» Selling a Law Practice

Finding Buyers for Your Law Practice

There are a variety of ways to find buyers. Some attorneys try to do it on their own. From a DIY perspective, usually the best ways to get the word out that you’re looking for a buyer are through networking and advertising. Others who don’t want to take the time and effort to find buyers on their own rely on consultants and brokers. Besides saving time, using outside experts provides other advantages from the DIY method. They include: ... Read More

Including Office Space as Part of a Law Firm Sale?

Small-firm owners and solo practitioners looking to sell their law firms frequently believe that their particular office space—whether owned or leased—significantly enhances the value of their practice. They usually base this belief on the office’s superior location or their upscale furnishings and design. ... Read More

How Do You Value a Firm When Selling to an Insider?

Valuing a law firm for sale is never as straightforward as one might like. This is especially true when looking to sell to an insider. ... Read More

What Happens to Your Website if You Sell Your Practice?

If your firm is like many solo and small law firms, a significant portion of your firm’s value derives from the amount of business your website generates. When selling a law firm—be it an actual sale or a transition to another firm as “of counsel”—it is therefore critical that the buying firm retains the benefit of the seller’s previous website traffic. ... Read More

Closing versus Selling a Law Practice: Why Not Get Money for Your Efforts?

Are you a solo lawyer or small-firm owner facing retirement? Then, like most Boomer lawyers out there, you’re contemplating the option of selling your law practice. ... Read More

Succession Planning Scenarios for Solos & Small Law Firm Owners

For solo practitioners and small law firm owners seeking retirement, here is a quick, down-and-dirty summary of the succession plan strategies available to you. Put another way, here are three structural ways that soon-to-be retired lawyers can “sell” their practices. ... Read More

Preparing Your Practice for Sale? Don’t Do Stupid S**t.

Soon-to-be retired solo practitioners and small law firm owners who are thinking of selling their law firms frequently ask, “Is there anything special or unique that I should do now to maximize my practice’s value?” Whenever I hear that question, I can’t help but think of President Obama’s remark about how to best manage world affairs: “Don’t do stupid s**t.” That advice holds true for lawyers contemplating selling their practice. ... Read More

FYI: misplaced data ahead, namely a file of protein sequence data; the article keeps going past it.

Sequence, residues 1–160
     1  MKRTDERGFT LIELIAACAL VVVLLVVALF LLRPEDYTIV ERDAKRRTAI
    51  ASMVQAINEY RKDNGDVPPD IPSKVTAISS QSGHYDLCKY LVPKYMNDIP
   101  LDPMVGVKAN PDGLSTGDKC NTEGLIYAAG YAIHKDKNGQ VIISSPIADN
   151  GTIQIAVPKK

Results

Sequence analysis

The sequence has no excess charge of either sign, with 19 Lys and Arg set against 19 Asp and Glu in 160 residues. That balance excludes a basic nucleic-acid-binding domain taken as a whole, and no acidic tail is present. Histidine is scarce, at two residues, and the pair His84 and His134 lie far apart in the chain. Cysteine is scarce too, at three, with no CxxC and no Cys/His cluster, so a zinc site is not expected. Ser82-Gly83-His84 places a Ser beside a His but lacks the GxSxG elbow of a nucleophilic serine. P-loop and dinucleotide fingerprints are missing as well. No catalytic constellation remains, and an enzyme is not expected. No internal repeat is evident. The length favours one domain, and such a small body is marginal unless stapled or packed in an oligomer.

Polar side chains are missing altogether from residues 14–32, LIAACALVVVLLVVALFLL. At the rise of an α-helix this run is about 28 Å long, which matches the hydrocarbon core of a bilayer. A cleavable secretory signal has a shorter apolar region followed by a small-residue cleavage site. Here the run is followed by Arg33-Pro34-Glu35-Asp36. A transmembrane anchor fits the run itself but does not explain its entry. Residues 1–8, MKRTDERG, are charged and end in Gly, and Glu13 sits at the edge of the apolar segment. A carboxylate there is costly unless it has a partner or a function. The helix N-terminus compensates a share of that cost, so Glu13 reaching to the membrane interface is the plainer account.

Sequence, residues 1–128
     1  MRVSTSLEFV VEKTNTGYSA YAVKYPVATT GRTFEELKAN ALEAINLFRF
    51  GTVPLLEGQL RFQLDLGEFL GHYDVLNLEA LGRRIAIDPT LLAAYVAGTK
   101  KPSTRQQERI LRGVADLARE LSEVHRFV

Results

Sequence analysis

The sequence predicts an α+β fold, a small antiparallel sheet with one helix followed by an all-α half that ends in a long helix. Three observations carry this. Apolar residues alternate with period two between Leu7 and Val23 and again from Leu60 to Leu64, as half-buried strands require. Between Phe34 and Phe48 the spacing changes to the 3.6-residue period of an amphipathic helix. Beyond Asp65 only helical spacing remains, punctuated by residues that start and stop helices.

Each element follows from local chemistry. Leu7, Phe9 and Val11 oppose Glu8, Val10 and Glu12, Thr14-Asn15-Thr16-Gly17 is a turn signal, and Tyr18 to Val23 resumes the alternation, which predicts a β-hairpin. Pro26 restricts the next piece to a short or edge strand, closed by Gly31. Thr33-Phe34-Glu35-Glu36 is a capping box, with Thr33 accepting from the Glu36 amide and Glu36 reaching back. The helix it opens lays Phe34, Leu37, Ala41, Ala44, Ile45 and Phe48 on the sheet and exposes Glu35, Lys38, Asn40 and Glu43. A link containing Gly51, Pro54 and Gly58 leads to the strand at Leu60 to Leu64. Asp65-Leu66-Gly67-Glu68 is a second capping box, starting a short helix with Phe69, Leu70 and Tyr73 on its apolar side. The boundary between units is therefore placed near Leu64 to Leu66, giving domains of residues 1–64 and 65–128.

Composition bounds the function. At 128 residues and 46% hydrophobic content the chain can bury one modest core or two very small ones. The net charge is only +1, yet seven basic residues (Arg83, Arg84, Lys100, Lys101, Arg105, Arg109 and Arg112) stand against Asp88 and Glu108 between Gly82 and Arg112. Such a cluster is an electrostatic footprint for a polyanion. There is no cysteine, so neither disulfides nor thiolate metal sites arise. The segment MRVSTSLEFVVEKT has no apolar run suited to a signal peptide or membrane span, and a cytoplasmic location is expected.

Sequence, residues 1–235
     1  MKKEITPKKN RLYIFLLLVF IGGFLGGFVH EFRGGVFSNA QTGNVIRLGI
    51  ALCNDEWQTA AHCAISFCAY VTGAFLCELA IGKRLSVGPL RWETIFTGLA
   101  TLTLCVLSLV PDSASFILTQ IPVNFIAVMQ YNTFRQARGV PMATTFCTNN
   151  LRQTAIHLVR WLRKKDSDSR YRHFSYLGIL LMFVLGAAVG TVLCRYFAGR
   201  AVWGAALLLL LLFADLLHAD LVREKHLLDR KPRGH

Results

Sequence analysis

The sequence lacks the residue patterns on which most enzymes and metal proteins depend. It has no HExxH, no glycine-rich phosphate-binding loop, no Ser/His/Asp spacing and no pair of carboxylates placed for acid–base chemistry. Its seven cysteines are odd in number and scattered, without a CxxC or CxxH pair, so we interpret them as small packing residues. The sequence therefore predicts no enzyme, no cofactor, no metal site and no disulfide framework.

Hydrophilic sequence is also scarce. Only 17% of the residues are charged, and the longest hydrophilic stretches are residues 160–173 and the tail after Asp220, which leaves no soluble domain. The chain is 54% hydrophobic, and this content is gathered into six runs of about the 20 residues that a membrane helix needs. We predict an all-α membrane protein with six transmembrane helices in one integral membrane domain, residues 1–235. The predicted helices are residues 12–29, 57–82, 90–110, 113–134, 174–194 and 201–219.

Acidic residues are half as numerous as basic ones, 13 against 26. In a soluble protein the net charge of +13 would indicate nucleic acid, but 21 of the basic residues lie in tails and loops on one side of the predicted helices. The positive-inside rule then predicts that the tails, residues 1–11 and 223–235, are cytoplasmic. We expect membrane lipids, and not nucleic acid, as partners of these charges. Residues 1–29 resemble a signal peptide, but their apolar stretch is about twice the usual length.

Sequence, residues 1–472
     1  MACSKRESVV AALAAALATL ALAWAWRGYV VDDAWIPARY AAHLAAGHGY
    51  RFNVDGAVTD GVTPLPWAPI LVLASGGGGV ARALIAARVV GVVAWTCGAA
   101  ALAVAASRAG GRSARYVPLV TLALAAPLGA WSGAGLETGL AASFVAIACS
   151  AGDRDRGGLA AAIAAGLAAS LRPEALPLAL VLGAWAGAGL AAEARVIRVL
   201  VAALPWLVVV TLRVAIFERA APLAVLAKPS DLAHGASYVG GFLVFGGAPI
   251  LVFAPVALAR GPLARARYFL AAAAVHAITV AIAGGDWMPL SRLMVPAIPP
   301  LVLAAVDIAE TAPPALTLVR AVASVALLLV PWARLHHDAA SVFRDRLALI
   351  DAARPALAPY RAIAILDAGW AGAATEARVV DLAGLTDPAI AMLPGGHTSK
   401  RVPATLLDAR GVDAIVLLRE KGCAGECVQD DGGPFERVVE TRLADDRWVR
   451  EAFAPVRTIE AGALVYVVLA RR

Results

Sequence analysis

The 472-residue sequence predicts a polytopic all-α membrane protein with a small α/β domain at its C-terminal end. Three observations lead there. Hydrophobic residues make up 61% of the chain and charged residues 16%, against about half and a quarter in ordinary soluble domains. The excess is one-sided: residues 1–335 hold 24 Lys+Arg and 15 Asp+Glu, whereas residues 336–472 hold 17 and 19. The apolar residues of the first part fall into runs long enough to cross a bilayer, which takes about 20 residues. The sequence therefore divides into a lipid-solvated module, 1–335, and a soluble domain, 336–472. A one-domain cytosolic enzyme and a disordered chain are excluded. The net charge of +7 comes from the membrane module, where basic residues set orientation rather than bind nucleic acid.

Appraising a Law Firm for a Buy-In: CPA’s Need Not Apply

You own a small law firm. For the first time, you want to make one of your associates a partial owner. But how do you determine the price of admission for the “buy-in?” ... Read More

A Rule of Thumb for Valuing a Law Practice Is Not to Use the Rule of Thumb

Solo practitioners and small law firm owners wanting to know what their practices are worth frequently rely on the “rule of thumb” valuation method. The choice is an easy one to make, because the method is simple; even lawyers who can barely read a balance sheet or a profit and loss statement can understand it. ... Read More

A Better Way to Value a Law Practice

“So, what’s my law practice worth, Roy?” If only I had a dollar for every time someone has asked me this question… No one really liked my old answer to that question: “Whatever someone is willing to pay you.” So instead I turned to posing a hypothetical. Will the Phone Keep Ringing? When a client asks me what their practice is worth, I pose the following: Imagine it is Friday afternoon. You’ve been running a successful law practice, but are now ready to ride off into the retirement sunset at the close of business that day. When Monday morning rolls around, will your existing clients or potential new clients call you and be willing to work with your replacement? ... Read More

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I am in my mid 50's and have a very successful solo personal injury practice. I have enough money that I can now afford to slow down and fully retire now, but anticipated doing so in my early 60's, as I still enjoy working. I had . . ." Read more
– Solo practitioner, Casper, WY

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